Q: Were there films like that when you were a child?
The films that I used to watch that I think have really affected me and have influenced the Nanny McPhee movies are all the westerns that I watched with my Dad. I loved westerns.

Q: That’s interesting. So is Nanny McPhee is inspired by those characters, like the Man With No Name, that you see in the classic westerns?
Yes, it is a western. It is in fact exactly the same form – she comes in and does the job and then rides off into the sunset. And I only realised that quite recently.

Q: What westerns do you remember watching with your father?
All the Clint (Eastwood) ones, all the Sergio Leone ones and TV westerns like High Chaparral and Alias Smith and Jones, we watched those religiously. The Virginian, I loved that, absolutely fantastic. I just loved those forms and they are all about conflict and the resolution of conflict by people using strange and unorthodox methods. And that’s who she is, Nanny McPhee is The Virginian for kids.

Q: You now have this character who can go anywhere in anytime. So will you bring her back again and do another film?
You can go anywhere. You can continue that connection in any way you like. You have the lovely link with Maggie Smith’s character in The Big Bang who was the child in the first film and she’s clearly been nanny to Sergeant Jeffries and also possibly to Admiral Lord Nelson as well, you don’t know. She’s been around a long time, has this one (laughs). So I could do whatever I want and go wherever I want so if this one makes money and they want another one, I would do it.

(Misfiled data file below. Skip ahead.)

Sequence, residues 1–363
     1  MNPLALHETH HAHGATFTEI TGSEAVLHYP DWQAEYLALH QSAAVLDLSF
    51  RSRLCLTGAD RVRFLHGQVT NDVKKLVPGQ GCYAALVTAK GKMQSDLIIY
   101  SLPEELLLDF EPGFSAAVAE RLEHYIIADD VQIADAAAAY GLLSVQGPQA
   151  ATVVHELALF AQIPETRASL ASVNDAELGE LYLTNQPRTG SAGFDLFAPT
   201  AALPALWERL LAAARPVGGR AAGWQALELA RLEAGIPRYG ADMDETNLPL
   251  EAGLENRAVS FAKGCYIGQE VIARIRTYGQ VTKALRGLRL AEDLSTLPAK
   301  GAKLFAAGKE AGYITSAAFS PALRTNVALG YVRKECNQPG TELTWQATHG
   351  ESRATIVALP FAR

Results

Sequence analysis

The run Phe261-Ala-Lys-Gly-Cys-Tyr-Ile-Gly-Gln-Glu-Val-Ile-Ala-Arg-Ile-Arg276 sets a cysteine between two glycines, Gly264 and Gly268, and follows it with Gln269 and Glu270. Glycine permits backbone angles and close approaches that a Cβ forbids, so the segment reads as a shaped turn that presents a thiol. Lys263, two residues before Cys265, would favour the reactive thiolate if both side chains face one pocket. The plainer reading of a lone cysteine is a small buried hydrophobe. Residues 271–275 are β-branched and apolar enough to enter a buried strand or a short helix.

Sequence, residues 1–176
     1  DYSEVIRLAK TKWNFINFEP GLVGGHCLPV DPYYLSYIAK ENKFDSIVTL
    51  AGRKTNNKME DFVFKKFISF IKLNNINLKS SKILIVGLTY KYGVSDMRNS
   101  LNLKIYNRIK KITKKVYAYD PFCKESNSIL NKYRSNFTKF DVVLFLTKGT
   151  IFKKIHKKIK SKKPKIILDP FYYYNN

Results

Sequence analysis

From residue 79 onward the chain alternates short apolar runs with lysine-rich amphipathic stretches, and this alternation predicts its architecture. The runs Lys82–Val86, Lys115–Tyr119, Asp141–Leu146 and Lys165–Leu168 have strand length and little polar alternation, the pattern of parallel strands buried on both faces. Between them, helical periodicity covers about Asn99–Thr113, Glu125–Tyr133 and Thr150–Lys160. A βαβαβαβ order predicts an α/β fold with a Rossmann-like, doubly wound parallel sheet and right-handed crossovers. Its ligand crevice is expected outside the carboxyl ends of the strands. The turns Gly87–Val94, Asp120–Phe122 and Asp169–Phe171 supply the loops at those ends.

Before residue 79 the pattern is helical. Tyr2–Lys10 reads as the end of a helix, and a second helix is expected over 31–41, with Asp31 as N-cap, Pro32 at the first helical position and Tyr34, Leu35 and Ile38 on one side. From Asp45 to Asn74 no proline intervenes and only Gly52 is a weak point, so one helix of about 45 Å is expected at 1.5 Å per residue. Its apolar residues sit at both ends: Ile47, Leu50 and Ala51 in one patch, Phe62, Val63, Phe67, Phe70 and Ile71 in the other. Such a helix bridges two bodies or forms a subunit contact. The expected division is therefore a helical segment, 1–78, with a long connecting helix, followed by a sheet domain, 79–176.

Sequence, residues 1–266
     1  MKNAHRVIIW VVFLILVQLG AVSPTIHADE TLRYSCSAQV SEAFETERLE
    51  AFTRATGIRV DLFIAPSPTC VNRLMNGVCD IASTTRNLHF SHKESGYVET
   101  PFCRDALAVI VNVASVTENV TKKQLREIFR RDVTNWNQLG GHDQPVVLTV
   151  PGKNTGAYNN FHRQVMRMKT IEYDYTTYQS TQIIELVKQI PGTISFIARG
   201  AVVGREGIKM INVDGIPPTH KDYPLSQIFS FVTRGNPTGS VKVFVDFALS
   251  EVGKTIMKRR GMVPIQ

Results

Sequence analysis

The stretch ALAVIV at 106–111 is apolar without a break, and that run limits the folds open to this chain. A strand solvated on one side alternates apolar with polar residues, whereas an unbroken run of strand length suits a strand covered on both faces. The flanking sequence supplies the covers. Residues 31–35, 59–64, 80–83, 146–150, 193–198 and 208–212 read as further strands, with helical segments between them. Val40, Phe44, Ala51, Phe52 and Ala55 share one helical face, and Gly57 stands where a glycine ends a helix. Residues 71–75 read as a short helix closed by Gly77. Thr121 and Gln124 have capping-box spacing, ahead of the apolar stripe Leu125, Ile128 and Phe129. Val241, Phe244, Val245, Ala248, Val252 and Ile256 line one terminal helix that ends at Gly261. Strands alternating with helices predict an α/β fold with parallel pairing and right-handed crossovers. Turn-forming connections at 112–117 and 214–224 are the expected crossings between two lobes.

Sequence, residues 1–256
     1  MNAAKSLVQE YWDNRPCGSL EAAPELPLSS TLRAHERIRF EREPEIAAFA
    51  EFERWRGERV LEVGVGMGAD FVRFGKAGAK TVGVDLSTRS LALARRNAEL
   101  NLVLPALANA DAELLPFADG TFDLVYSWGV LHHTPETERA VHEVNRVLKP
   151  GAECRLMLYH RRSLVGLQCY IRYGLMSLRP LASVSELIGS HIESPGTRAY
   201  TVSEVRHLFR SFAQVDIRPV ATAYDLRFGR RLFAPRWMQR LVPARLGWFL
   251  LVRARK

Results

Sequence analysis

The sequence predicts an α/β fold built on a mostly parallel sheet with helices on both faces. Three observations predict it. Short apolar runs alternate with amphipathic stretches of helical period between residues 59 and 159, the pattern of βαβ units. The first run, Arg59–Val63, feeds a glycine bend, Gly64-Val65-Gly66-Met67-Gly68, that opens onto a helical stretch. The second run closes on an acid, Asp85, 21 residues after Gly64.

Q: Are you quite disciplined with the writing process? Or do you get ideas at three in the morning and suddenly put them down on paper?
I have to sit down in the morning with a piece of paper and a pen and start writing. That’s the only way. I don’t have to make myself as such, but I have to discipline myself to do that. Because I don’t believe in inspiration, I think work is the only option. In fact, on my desk I’ve got a little thing that says ‘inspiration is the act of pulling up the chair to the writing desk..’ which is absolutely true. It just won’t happen any other way and most of the ideas I have at three o clock in the morning are crap, I have to tell you. I think they are marvellous at the time but they are rubbish. I get up in the morning, read it and think ‘oh God, you mean I was awake in the middle of the night writing that down thinking it was a good idea and I could have had a decent night’s sleep?’ My advice is, just turn over and go back to sleep.

Q: It seems you concentrated more on writing than acting over the last few year. Why was that?
Yes, I have. It’s much easier if you are Mum and you want to be there for your children. If you write I can see my daughter to school and be there to pick her up from school and it works. Theatre is also very difficult from that point of view and film is ghastly because you are not there at all five days a week. Writing is ideal so if I can earn my living from writing while she is young then I’m very happy to do that.

Q: But have there been roles along the way where you thought ‘I really would have liked to have done that?’